Hess Triangle is NYC’s smallest piece of private land
Photo via Wiki Commons
If you’ve ever walked by the busy intersection of 7th Avenue South and Christopher Street, you’ve likely seen people snapping photos of the iconic corner-facing Village Cigars, but what you probably didn’t realize is that they were standing on top of New York City’s smallest piece of private land. The Hess Triangle sits on the sidewalk at the southwest corner of this Greenwich Village crossing, a small concrete slab with an embedded mosaic that reads “Property of the Hess Estate Which Has Never Been Dedicated For Public Purposes.”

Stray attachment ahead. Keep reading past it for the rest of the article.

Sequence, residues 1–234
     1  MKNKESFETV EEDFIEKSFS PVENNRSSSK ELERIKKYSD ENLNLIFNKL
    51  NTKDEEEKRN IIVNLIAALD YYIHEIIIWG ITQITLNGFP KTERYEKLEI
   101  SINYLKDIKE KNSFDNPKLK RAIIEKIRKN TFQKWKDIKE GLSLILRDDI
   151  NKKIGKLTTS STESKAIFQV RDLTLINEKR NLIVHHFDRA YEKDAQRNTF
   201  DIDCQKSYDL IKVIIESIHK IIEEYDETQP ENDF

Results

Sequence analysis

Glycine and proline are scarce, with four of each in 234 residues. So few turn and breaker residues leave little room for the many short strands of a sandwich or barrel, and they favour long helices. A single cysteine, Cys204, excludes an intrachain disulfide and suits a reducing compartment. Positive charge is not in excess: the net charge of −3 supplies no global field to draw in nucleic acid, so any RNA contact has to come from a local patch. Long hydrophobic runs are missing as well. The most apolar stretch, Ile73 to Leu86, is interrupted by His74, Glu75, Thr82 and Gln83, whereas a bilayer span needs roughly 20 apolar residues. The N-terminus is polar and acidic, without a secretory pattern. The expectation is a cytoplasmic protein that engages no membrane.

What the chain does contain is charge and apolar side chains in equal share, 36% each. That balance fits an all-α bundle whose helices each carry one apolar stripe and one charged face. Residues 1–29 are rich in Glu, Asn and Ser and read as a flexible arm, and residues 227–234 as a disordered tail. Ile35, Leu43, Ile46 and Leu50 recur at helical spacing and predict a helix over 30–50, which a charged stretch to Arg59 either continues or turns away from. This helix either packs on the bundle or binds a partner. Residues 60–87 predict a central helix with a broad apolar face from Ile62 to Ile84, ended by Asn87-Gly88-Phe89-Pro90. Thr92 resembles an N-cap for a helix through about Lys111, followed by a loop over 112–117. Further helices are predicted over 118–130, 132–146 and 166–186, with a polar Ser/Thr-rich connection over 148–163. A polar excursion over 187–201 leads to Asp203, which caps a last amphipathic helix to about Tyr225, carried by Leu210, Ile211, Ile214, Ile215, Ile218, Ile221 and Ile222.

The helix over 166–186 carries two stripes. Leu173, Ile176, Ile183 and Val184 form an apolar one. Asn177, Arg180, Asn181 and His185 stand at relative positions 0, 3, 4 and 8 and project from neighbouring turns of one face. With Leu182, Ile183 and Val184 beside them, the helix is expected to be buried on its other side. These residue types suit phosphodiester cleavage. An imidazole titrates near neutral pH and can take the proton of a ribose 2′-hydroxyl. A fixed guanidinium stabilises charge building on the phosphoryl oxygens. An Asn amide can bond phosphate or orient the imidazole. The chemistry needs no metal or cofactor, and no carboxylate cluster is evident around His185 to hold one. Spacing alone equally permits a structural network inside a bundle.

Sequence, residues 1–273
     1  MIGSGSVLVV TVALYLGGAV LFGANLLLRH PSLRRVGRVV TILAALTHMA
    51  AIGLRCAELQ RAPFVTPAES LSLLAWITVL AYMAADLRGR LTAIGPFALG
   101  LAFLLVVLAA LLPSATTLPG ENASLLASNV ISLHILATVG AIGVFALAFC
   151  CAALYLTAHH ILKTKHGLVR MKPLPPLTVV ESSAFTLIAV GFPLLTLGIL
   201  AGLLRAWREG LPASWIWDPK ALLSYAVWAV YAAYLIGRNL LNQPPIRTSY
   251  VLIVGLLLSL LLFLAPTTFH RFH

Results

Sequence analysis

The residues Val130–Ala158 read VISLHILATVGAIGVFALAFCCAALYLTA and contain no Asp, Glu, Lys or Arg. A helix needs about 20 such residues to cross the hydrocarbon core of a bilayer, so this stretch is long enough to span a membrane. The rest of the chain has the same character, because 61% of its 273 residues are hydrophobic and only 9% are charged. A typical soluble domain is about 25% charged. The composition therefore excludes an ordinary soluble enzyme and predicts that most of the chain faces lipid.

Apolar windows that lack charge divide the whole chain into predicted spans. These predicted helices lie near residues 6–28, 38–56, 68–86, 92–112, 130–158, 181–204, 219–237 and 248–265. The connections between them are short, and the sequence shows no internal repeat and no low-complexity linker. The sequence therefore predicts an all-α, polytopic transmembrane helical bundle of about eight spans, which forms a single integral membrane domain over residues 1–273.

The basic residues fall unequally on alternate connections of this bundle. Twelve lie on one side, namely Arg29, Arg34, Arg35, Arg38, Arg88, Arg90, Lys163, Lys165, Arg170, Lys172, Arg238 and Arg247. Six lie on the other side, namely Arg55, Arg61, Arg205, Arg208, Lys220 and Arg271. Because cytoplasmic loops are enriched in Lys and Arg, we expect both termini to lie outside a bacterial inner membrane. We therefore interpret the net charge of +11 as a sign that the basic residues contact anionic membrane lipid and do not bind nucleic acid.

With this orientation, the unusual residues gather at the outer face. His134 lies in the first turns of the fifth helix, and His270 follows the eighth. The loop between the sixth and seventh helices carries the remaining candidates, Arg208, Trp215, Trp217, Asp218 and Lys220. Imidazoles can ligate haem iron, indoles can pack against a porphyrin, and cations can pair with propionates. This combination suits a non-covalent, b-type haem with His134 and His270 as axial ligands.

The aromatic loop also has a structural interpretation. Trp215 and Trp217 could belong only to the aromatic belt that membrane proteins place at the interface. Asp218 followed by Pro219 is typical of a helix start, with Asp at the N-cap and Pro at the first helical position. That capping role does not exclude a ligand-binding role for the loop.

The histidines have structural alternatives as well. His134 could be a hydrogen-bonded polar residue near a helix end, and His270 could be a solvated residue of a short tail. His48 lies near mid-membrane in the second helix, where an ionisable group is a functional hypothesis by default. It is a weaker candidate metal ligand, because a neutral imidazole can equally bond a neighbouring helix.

Seventh Avenue was laid out as part of the Commissioner’s Plan of 1811 but terminated at Eleventh Street. Starting in 1910, the avenue was extended southward to connect with Varick Street in order to accommodate the construction of the IRT Broadway-Seventh Avenue subway line and link the Village with Tribeca. Over 300 buildings were demolished under Eminent Domain.
One of the razed buildings, a five-story apartment building called the Voorhis, belonged to David Hess. He fought the city in hopes of saving his building, but by 1914 all that remained of his property was a small triangle of sidewalk. The city assumed Hess would donate the tiny tract to the public sidewalk, but they were wrong. He took the city to court and was allowed to retain ownership of his prized triangle.
On July 17, 1922, Hess had his infamous mosaic message installed in his 500 square inches of land. In 1938, he sold the triangle to Village Cigars for $1,000, and the store has left it intact, a permanent reminder of city history and the resiliency (and stubbornness!) of New Yorkers.